|DATE:||November 14, 2023|
|SUBJECT:||Initial Guidance Regarding Food Benefits for Implementation of the Summer EBT Program by Indian Tribal Organizations Administering The Special Supplemental Nutrition Program for Women, Infants, and Children (WIC)|
Supplemental Nutrition & Safety Programs
|WIC State Agency Indian Tribal Organizations|
WIC State Agency Directors
The Consolidated Appropriations Act, 2023 (PL 117-328, “the Act”), authorized a permanent, nationwide Summer Electronic Benefit Transfer (Summer EBT) program beginning in 2024. The Act requires the U.S. Department of Agriculture (USDA) Food and Nutrition Service (FNS) to promulgate interim final regulations within a year of the Act’s enactment. FNS is aware that covered Indian Tribal Organizations (ITOs) have begun planning for Summer EBT and need certain information before the rule is published. Under the Act, ITOs administering the Special Supplemental Nutrition Program for Women, Infants, and Children (WIC program) may elect to administer the Summer EBT program. This guidance applies to such ITOs and provides information on eligible foods and the food benefit models that can be used in an ITO-administered Summer EBT program. This memorandum expands upon the Summer EBT guidance in SEBT 02-2023, Initial Guidance for Implementation of Summer EBT in 2024 by Indian Tribal Organizations Administering WIC, released on June 13, 2023, and SEBT 03-2023, Summer EBT Eligibility, Certification, and Verification, released on July 31, 2023.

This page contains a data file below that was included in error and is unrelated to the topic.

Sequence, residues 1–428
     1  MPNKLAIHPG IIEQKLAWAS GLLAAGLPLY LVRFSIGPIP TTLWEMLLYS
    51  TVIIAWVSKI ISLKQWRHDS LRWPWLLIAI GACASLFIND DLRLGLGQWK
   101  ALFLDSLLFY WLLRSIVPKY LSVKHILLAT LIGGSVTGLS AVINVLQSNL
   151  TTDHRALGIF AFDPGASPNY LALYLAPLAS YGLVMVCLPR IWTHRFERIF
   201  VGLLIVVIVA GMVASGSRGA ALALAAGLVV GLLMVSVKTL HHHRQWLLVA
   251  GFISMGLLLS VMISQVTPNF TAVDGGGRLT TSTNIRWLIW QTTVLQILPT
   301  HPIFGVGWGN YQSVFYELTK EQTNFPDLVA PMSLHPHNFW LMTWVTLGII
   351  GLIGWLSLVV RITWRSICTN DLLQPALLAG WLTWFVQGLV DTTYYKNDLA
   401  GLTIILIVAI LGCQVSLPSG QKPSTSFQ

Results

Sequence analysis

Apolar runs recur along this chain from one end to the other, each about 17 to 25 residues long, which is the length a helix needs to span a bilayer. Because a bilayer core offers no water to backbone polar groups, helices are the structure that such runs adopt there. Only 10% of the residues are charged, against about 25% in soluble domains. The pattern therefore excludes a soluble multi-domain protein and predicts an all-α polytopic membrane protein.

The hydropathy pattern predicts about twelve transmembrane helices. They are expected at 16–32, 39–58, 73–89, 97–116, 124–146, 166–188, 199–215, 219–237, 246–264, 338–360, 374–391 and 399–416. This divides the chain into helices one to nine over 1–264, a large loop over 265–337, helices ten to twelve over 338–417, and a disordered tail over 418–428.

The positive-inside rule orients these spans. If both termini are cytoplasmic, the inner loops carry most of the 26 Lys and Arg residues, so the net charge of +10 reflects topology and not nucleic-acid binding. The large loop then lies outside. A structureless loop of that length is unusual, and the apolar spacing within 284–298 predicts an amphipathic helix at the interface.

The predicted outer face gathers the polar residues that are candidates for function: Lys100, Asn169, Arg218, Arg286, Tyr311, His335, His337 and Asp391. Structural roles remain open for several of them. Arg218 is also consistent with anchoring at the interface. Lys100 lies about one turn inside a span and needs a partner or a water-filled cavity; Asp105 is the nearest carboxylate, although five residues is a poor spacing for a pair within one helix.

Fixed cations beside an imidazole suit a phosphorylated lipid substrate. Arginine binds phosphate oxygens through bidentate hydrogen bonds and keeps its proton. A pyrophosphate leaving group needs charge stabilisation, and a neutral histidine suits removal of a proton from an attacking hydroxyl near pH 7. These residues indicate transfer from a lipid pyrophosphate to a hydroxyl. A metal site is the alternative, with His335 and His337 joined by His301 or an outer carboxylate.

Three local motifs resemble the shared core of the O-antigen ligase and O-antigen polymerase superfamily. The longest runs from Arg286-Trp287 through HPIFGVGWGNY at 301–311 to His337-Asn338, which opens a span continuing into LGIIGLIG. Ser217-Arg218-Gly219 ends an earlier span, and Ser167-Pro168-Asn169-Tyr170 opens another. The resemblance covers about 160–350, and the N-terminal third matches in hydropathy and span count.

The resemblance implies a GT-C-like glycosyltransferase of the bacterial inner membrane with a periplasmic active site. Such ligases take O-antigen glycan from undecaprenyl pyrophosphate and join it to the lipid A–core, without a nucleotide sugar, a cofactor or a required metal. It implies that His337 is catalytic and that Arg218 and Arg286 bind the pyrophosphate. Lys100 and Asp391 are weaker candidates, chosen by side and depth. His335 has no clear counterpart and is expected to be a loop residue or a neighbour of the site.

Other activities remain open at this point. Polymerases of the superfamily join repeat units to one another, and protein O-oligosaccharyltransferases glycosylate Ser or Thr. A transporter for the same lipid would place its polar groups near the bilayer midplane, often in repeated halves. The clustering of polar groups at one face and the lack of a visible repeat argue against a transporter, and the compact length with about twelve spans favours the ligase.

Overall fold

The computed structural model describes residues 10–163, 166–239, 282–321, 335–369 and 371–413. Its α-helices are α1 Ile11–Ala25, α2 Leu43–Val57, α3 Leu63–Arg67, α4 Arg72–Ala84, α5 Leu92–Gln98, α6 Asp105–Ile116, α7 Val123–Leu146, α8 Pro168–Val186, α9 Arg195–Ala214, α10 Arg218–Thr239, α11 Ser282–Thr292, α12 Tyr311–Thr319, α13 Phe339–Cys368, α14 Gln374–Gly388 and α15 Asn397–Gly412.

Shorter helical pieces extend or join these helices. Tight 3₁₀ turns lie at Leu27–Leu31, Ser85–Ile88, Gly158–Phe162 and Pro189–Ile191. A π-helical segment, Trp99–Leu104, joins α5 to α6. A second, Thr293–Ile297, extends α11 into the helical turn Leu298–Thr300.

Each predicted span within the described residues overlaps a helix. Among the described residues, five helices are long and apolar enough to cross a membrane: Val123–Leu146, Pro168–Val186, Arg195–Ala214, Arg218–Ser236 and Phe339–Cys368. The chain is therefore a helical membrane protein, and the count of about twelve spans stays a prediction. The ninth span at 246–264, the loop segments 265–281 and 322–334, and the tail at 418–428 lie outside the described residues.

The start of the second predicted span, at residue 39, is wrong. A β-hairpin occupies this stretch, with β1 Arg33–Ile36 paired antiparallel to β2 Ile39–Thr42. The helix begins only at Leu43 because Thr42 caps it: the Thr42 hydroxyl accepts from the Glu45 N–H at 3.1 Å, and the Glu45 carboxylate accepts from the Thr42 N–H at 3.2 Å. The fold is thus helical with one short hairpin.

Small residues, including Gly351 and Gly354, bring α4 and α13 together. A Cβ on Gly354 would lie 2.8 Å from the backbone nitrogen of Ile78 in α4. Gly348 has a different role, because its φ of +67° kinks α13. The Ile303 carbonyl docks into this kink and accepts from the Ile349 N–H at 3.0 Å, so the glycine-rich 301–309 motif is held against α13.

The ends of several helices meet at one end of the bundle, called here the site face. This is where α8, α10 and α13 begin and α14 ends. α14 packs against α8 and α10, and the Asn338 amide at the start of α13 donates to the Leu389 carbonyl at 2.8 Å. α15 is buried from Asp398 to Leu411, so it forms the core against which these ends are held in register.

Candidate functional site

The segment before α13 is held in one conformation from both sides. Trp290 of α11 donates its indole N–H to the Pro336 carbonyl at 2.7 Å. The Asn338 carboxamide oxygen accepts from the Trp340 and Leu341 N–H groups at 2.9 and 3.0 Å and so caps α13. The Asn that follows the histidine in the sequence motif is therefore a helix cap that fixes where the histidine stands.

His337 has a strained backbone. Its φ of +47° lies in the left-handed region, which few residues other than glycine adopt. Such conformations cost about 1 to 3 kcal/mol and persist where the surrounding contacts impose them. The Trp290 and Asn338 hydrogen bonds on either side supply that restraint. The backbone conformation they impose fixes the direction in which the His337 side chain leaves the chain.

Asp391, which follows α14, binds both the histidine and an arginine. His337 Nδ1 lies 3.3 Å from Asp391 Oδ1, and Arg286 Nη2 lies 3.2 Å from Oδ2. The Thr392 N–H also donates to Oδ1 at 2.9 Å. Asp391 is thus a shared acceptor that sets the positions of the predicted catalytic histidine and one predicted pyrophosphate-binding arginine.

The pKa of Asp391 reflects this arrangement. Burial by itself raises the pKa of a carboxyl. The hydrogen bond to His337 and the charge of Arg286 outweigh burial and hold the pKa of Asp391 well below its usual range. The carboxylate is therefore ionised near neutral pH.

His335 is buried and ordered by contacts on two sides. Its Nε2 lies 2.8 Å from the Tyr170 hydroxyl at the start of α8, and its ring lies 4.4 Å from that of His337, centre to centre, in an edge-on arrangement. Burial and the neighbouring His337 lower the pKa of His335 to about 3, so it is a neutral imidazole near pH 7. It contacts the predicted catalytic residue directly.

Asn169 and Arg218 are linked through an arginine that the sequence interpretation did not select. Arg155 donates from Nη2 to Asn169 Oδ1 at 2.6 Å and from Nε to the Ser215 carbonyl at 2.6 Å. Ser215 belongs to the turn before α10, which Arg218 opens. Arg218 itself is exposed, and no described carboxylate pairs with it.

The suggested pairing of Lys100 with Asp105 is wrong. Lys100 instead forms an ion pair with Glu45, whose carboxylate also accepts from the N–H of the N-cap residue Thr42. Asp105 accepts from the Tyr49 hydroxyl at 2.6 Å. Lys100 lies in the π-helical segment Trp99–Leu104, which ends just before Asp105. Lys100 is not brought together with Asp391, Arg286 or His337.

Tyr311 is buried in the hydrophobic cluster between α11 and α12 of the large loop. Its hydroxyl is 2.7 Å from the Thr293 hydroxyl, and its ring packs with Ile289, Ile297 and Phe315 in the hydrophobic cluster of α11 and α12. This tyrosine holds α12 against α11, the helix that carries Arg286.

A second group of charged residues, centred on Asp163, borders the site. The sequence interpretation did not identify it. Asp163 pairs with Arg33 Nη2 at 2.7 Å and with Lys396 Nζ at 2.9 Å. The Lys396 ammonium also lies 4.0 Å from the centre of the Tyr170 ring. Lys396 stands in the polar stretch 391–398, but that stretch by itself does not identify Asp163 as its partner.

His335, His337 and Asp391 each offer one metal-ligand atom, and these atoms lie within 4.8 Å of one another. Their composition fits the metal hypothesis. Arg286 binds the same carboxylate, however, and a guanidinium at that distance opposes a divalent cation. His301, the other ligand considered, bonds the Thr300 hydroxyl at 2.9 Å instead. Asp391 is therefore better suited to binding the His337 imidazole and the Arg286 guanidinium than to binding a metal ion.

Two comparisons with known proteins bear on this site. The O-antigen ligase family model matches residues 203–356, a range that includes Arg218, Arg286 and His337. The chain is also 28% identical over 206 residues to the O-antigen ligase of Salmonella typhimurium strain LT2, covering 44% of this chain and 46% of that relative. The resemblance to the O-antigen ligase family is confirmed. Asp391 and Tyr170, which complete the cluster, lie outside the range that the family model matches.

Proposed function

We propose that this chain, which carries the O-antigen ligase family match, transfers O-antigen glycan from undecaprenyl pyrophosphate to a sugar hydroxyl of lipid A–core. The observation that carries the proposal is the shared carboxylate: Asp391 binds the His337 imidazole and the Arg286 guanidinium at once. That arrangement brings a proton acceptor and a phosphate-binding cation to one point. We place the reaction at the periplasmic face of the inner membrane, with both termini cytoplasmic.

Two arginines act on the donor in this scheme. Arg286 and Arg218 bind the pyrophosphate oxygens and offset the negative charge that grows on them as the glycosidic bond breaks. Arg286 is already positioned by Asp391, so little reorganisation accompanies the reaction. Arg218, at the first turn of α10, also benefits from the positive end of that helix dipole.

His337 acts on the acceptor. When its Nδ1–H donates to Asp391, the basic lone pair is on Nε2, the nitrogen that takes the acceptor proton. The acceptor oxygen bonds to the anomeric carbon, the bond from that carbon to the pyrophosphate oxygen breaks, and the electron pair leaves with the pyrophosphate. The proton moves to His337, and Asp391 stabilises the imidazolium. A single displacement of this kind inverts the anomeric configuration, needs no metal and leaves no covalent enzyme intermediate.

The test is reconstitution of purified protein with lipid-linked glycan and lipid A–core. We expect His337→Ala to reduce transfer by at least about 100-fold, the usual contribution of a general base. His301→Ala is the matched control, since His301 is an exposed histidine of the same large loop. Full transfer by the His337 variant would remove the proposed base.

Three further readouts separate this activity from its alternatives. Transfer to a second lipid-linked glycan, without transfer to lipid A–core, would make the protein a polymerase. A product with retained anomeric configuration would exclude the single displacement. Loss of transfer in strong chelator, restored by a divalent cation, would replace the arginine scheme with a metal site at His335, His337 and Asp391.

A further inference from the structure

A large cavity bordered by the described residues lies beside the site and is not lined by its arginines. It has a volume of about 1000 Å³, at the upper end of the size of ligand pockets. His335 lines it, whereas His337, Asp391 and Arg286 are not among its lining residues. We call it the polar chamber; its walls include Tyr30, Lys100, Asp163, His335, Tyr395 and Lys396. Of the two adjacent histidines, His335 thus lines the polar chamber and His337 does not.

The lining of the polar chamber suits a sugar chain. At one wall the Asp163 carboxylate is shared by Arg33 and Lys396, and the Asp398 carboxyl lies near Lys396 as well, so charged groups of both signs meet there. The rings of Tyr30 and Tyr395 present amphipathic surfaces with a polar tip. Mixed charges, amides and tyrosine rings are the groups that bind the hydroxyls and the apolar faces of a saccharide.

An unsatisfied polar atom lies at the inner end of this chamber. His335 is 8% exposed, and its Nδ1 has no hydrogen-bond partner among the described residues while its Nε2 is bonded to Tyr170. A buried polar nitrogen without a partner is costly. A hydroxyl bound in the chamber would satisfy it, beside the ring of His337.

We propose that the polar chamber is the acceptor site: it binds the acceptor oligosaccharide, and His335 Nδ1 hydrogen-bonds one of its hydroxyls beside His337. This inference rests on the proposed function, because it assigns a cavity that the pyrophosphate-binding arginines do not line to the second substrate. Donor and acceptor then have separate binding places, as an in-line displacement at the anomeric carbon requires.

Summer EBT Supplemental Foods
ITOs electing to administer Summer EBT will provide Summer EBT benefits to be redeemed on “supplemental foods” purchased from WIC-authorized vendors. Each ITO Summer EBT agency will need to submit to FNS a plan for operations and management of the program that includes a list of Summer EBT supplemental foods that meet statutory criteria for Summer EBT. Consistent with Section 13A(h)(4) of the Richard B. Russell National School Lunch Act (NSLA), supplemental foods means, for the purposes of ITOs administering the Summer EBT program, foods: